While visiting relatives in Money, Miss., in summer 1955, 14-year-old Emmett Till of Chicago was kidnapped by two white men. One of the men said Emmett had whistled at his wife while in his store. For that, they stabbed him, shot him, pulled his eyes out of his head and split his head with an ax.
Days later, his mangled body was pulled out of the Tallahatchie River with a 100-pound fan around his neck.
The two men, whom eyewitnesses described as the killers during the trial, were found not guilty by an all-white jury.
Today, Emmett's mother will visit Buffalo for the opening of the play "Mississippi and the Face of Emmett Till," which she co-wrote to bring light to what happened to her son and present-day racially motivated crimes that go unpunished. The play opens tonight in the African-American Cultural Center's Paul Robeson Theatre.
"Emmett was a sacrificial lamb," said Mamie Till Mobley, now 79. "No one else's death affected the world the way my son's death did. It was a wake-up call. It let the world know how one segment of the population was being mistreated."
She said her son had a speech impediment and had been taught to whistle whenever he had trouble pronouncing a word.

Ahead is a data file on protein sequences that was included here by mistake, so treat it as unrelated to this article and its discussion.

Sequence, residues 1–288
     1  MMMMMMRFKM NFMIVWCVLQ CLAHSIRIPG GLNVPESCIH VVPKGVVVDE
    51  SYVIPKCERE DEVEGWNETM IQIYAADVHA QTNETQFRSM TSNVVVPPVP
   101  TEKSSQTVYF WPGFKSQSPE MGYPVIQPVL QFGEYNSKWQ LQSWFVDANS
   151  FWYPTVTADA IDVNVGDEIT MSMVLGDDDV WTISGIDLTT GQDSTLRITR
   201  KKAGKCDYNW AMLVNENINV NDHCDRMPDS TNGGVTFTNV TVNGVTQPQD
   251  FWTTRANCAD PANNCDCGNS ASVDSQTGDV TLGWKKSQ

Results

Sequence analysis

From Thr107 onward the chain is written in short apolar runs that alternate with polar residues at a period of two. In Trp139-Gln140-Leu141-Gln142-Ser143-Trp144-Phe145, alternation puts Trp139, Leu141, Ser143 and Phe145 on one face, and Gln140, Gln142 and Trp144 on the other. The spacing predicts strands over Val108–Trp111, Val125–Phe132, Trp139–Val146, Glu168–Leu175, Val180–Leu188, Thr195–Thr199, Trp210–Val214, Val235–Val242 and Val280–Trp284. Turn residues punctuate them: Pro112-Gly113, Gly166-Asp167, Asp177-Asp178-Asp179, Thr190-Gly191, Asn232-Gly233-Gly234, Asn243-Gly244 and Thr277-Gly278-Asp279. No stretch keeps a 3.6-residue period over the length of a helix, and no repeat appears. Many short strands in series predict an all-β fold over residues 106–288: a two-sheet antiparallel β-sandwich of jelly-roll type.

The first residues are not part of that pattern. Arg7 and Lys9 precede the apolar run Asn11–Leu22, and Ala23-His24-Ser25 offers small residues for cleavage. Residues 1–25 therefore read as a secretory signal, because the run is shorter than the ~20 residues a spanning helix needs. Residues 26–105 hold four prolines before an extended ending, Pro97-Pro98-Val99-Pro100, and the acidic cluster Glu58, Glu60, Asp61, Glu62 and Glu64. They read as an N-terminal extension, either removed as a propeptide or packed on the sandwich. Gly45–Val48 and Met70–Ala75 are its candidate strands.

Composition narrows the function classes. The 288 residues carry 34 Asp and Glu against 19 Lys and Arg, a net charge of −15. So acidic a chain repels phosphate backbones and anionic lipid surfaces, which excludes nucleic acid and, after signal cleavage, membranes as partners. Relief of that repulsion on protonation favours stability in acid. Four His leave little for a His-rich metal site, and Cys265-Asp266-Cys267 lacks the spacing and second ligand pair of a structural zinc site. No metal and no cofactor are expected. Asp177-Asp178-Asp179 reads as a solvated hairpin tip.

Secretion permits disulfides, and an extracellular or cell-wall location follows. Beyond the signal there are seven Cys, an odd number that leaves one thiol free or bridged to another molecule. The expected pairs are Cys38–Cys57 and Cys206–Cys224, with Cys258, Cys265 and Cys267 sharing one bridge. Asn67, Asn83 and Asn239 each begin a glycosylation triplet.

In disbelief at the atrocity her son endured, Emmett's mother invited the public to attend his open-casket wake in Chicago with the goal of exposing the cruelty and blatant racism that existed in Mississippi. "I knew that I could not tell the world what I had seen with words. His body looked so horrible," she said. "I wanted people to know what was going on in Mississippi, and over 600,000 people saw his body. And it created a lot of unrest."
Emmett's brutal death galvanized the civil rights movement.
Mobley said Rosa Parks told her that Emmett's murder was weighing heavily on her mind that fateful day in December 1955 when Parks refused to give up her seat to a white man aboard a city bus in Montgomery, Ala. Her act gave birth to the civil rights movement.
"Rosa Parks was very upset over the way blacks were being treated," Mobley said. "And she was just so angry at what had happened to my son."
Mobley said the play is designed to mobilize people as the death of her son did decades ago. "There are still segments of the population taking advantage of other segments of the population," she said.